Debate has begun about the actual strength of the SEC as a whole. Is the SEC really the best conference, top to bottom, in college football? The initial answer should be a resounding “yes”; however, analysts and fans around the country are digging for numbers to give a final answer to this question. Numbers, though, may not be the way to settle this debate.
Oklahoma head coach Bob Stoops questioned the bottom six or eight teams in the SEC at an event in Tulsa this week. ESPN’s Mike Wilbon of the network’s PTI program even sided with these statements in a recent show. Stoops and Wilbon appear to believe that Vanderbilt, Kentucky, Mississippi State, Ole Miss, Auburn, Arkansas and Missouri are of rather poor quality. Because of these teams, the top teams in the SEC are given a favor by receiving bonus points for a win over an SEC opponent. Certain statistics prove this to be a false belief.
With seven-consecutive National Championships and counting, the SEC has shown its ability to get to and win the BCS Championship game against any opponent from any conference. However, just four teams have combined to win those titles. So, the debate has centered around the bottom of the conference instead of the top.
Regardless of how meaningless it appears, questioning the teams at the bottom of the SEC is quite fair since it is those teams that provide wins to the crème of the crop. A closer inspection of these “cellar dwellers” will reveal their true quality.
Since 2006 when the SEC began its title run, only Kentucky has failed to finish in the top 25 at least once. In fact, of the original SEC members, Mississippi State and Vanderbilt are the only teams of the other 11 without multiple top-25 finishes. In light of Stoops’ comments, how would these numbers stack up against those of the Big 12?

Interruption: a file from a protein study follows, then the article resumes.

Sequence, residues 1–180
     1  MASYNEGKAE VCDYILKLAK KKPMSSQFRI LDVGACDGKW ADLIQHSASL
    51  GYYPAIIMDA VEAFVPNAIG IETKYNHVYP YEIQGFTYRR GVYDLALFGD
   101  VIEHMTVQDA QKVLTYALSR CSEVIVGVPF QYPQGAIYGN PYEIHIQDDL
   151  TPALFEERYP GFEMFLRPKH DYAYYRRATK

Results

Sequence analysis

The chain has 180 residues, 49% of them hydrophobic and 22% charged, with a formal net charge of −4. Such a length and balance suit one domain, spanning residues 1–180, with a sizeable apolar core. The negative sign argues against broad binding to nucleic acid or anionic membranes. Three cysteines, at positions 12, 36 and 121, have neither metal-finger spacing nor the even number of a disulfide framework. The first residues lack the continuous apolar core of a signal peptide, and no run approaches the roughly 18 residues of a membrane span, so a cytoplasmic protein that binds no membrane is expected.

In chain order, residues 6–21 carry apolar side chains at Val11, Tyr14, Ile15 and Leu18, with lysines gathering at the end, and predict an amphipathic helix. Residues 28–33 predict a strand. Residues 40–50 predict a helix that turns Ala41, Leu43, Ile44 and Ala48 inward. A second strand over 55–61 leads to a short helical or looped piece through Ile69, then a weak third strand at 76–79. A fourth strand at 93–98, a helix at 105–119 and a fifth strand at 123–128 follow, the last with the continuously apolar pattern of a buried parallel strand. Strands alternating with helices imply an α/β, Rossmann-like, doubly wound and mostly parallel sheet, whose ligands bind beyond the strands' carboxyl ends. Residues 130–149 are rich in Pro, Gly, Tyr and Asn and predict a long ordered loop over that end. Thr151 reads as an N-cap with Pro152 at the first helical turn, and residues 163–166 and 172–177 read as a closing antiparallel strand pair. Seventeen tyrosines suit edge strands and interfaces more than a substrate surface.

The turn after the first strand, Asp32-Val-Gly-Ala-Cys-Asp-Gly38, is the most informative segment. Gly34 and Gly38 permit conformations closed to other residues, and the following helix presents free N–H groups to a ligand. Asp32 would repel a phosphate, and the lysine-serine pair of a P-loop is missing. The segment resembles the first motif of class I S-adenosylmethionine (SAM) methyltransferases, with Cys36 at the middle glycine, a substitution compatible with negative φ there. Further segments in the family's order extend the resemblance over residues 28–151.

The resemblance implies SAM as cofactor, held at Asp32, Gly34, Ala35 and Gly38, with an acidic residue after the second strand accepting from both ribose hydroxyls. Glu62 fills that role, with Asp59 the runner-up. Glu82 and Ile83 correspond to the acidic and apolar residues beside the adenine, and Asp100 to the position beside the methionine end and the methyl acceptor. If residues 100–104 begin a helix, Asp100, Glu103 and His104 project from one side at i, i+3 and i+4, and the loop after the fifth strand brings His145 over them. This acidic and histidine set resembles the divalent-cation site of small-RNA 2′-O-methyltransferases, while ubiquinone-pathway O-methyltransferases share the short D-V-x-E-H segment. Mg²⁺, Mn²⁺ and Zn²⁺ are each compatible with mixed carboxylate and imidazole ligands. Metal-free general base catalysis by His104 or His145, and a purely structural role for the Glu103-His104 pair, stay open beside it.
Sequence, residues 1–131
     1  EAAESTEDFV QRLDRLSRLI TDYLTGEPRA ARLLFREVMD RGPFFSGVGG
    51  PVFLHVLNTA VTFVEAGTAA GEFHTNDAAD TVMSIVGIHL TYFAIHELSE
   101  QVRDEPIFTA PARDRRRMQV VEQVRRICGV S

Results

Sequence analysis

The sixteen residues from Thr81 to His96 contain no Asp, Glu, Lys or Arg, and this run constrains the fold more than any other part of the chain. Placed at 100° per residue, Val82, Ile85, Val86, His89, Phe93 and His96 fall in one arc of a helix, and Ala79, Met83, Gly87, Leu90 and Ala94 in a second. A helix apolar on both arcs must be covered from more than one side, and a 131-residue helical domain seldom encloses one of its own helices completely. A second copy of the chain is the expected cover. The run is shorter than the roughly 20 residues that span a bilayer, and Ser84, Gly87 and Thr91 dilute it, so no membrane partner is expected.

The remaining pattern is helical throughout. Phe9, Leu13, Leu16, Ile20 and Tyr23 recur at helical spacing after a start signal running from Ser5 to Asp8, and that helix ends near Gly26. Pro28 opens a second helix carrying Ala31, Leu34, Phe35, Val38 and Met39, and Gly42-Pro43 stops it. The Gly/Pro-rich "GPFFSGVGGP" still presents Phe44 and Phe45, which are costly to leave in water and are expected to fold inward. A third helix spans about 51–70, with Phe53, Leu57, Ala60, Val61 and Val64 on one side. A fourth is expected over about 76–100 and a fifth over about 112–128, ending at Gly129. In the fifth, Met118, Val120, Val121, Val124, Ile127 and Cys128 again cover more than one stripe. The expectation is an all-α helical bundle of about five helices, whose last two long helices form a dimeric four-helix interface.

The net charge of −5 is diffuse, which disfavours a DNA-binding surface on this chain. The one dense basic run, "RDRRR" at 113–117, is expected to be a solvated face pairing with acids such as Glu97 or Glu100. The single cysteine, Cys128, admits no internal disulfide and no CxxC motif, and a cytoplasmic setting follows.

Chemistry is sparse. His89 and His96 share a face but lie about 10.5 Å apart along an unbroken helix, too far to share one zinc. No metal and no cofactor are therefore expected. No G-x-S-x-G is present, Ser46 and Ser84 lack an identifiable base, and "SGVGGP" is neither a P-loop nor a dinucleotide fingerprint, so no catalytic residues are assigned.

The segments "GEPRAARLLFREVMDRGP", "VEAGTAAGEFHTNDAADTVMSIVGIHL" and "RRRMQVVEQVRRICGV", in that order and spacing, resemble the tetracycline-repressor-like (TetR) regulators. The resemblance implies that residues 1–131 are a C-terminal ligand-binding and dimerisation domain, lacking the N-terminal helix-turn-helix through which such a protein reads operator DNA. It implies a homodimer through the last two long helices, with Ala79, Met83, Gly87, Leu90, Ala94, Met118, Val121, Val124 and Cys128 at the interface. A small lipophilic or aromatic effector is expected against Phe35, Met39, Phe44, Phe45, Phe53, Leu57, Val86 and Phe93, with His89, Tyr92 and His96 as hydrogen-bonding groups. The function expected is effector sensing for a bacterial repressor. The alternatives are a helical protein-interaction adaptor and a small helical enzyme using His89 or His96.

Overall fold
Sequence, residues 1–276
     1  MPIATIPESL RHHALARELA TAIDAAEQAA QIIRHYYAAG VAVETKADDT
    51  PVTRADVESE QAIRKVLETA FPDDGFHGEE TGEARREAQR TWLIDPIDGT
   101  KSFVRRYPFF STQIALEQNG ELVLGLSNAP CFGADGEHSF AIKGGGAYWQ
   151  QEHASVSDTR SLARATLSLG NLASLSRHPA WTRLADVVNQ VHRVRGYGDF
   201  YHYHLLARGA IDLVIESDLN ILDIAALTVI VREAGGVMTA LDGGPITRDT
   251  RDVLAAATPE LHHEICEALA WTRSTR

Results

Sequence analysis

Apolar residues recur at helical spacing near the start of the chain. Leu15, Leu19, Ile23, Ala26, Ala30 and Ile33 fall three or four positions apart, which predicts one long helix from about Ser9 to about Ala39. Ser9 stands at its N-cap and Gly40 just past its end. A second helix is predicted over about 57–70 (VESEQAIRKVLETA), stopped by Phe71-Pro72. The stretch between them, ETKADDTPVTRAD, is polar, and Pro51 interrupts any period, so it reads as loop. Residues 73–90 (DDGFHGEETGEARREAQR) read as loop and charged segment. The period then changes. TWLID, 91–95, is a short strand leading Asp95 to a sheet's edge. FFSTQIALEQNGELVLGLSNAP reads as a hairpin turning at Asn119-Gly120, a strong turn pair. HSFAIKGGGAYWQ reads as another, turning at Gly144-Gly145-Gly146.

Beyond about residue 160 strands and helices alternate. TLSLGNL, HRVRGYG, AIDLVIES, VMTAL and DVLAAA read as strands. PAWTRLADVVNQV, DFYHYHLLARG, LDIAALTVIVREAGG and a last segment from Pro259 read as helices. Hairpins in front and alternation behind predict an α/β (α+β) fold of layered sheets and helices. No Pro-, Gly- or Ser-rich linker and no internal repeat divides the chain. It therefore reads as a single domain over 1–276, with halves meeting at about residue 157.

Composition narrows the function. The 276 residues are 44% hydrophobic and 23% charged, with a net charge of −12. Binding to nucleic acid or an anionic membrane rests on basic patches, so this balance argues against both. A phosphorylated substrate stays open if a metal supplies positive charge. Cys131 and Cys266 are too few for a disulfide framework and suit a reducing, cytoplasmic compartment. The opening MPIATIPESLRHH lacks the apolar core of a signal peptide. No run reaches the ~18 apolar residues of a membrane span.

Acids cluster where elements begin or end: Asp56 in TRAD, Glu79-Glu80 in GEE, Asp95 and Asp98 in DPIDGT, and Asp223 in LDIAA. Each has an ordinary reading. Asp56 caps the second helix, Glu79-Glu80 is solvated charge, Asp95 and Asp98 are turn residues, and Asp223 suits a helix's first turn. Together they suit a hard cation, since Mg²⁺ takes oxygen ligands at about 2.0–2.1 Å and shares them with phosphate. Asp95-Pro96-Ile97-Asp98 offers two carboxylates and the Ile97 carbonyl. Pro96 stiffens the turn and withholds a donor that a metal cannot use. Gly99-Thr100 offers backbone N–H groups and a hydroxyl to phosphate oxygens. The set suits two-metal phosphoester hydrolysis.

The Big 12, since 2006, has been home to just six teams that finished in the top 25 more than once. Two of the other six teams never finished in the top 25.
While it may seem that the Big 12 is tougher at the bottom during the season, it obviously is not the case. In each of the last two seasons, a bottom Big 12 team defeated a top contender. Iowa State beat Oklahoma State in 2011 thwarting the Cowboys’ chance at a BCS Championship appearance, and Baylor did the same to Kansas State this past season. While Kansas State was ranked number one at the time, they did close 2011 with a Cotton Bowl loss to Arkansas (who won just two conference games in 2012).
It appears that the bottom of the Big 12 is not better than that of the SEC, but rather that the top of the Big 12 is not very strong at all.
While these numbers offer an answer to the debate, there is but one solution: Kentucky vs. Iowa State on a neutral field. Stoops’ comments even called these two teams out specifically. If the bottom of the SEC is obviously Kentucky then a game must be scheduled to end this debate.
This, in essence, seems like a ludicrous way to decide which conference is better, but it is the only solution. When numbers and words are not enough, actions must be taken. College football fans are not satisfied with dominance of the best teams but rather with the strength of the weakest link. After all, battles used to be decided by pitting each army’s weakest warrior against one another to settle the conflict.
With a Kentucky-Iowa State game, college football will finally have an answer as to which conference is the best.